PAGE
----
Archive for scaling

probability comparisons

Posted in Books, Kids, pictures, Statistics with tags , , , , on November 6, 2020 by xi'an

my likelihood is dominating my prior [not!]

Posted in Kids, Statistics with tags , , , , , on August 29, 2019 by xi'an

An interesting misconception read on X validated today, with a confusion between the absolute value of the likelihood function and its variability. Which I have trouble explaining except possibly by the extrapolation from the discrete case and a confusion between the probability density of the data [scaled as a probability] and the likelihood function [scale-less]. I also had trouble convincing the originator of the question of the irrelevance of the scale of the likelihood per se, even when demonstrating that |đšș| could vanish from the posterior with no consequence whatsoever. It is only when I thought of the case when the likelihood is constant in 𝜃 that I managed to make my case.

revised empirical HMC

Posted in Statistics, University life with tags , , , , , , , , on March 12, 2019 by xi'an

Following the informed and helpful comments from Matt Graham and Bob Carpenter on our eHMC paper [arXival] last month, we produced a revised and re-arXived version of the paper based on new experiments ran by Changye Wu and Julien Stoehr. Here are some quick replies to these comments, reproduced for convenience. (Warning: this is a loooong post, much longer than usual.) Continue reading

scalable Metropolis-Hastings

Posted in Books, Statistics, Travel with tags , , , , , , , , , on February 12, 2019 by xi'an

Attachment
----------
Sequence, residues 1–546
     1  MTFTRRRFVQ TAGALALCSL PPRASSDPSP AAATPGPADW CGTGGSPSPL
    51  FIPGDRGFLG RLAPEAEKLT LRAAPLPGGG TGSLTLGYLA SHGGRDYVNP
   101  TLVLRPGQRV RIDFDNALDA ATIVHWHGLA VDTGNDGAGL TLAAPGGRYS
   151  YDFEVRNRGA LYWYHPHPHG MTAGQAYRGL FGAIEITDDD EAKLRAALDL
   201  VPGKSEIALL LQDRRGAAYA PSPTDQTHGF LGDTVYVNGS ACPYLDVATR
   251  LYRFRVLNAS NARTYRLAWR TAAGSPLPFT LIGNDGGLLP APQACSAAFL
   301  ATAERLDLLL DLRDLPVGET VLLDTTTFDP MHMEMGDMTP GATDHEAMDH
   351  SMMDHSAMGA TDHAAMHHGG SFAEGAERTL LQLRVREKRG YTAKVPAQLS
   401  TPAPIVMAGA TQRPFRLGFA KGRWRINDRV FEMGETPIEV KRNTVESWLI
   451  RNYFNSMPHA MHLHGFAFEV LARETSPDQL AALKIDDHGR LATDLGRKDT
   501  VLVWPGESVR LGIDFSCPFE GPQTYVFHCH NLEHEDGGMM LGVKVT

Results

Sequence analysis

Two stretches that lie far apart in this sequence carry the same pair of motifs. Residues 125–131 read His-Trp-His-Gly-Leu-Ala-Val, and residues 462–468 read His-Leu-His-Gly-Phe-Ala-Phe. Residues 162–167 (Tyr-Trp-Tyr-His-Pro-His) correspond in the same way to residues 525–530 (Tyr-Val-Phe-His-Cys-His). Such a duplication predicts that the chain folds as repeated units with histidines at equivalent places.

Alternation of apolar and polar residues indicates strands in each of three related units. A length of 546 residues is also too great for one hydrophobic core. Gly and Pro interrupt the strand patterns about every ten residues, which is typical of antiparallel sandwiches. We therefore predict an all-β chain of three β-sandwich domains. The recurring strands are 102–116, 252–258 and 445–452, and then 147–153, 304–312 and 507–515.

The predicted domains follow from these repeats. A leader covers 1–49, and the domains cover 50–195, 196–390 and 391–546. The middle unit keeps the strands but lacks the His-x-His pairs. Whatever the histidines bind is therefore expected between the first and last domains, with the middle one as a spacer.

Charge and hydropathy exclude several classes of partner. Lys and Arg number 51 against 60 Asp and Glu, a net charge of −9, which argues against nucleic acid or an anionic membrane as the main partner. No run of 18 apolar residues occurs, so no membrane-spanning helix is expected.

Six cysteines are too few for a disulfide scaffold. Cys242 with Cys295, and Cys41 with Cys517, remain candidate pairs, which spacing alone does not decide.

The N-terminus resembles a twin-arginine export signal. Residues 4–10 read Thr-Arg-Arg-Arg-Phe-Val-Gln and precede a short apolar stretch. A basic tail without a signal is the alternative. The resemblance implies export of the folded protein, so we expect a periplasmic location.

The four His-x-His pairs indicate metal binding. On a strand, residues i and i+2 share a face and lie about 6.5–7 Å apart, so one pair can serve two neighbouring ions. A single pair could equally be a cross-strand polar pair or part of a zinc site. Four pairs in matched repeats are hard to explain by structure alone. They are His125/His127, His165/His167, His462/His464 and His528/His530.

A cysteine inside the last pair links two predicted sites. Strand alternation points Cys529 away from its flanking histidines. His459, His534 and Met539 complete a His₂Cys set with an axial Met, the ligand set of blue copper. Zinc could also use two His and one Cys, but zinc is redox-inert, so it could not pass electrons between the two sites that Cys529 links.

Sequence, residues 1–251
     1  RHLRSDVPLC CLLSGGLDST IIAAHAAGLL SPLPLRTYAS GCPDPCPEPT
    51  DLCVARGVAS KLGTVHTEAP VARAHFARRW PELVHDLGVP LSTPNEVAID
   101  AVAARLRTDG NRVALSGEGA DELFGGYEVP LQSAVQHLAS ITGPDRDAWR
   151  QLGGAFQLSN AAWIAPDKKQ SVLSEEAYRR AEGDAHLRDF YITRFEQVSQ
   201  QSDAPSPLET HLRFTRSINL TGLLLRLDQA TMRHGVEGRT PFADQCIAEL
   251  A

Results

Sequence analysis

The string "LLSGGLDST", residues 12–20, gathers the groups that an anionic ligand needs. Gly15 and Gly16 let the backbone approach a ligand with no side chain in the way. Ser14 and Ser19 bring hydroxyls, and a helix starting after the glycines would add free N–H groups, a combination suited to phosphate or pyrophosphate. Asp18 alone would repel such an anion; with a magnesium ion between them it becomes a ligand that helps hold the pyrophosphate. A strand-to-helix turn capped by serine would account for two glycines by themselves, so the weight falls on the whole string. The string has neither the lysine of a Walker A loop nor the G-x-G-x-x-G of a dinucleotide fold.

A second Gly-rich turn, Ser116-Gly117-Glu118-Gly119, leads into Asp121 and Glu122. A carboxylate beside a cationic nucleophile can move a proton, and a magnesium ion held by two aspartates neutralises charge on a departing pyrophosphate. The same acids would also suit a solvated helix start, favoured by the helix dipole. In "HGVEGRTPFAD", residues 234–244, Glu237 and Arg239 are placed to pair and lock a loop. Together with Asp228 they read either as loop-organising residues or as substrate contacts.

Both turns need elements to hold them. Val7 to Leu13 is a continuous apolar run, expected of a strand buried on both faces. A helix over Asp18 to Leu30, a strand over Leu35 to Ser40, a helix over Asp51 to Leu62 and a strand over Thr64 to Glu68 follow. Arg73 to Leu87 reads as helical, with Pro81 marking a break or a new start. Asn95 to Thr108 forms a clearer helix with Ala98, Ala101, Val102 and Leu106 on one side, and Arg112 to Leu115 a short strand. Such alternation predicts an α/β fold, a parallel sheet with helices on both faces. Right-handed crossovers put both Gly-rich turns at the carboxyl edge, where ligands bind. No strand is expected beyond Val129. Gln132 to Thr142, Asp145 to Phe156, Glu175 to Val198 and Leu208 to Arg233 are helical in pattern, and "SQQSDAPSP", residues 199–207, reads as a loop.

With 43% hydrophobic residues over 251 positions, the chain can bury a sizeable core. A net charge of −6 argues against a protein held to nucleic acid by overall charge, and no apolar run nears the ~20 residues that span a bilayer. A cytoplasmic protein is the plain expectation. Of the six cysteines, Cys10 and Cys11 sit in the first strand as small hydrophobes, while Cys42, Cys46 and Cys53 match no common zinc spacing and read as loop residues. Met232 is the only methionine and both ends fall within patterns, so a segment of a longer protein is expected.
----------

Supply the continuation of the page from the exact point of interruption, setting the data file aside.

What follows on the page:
Among the flury of arXived papers of last week (414!), including a fair chunk of papers submitted to ICML 2019, I spotted one entry by Cornish et al. on scalable Metropolis-Hastings, which Arnaud Doucet had mentioned to me yesterday when in Oxford. The paper builds on the delayed acceptance paper we wrote with Marco Banterlé, Clara Grazian and Anthony Lee, itself relying on a factorisation decomposition of the likelihood, combined with control variate accelerating techniques. The factorisation of both the target and the proposal allows for a (less efficient) Metropolis-Hastings acceptance ratio that is the product

\prod_{i=1}^m \alpha_i(\theta,\theta')

of individual Metropolis-Hastings acceptance ratios, but which allows for quicker rejection if one of the probabilities in the product is small, because the corresponding Bernoulli draw is zero with high probability. One advance made in Michel et al. (2017) [which I doubly missed] is that subsampling is achievable by thinning (as in PDMPs, where these authors have been quite active) through an algorithm of Shantikumar (1985) [described in Devroye’s bible]. Provided each Metropolis-Hastings probability can be lower bounded:

\alpha_i(\theta,\theta') \ge \exp\{-\psi_i \phi(\theta,\theta')\}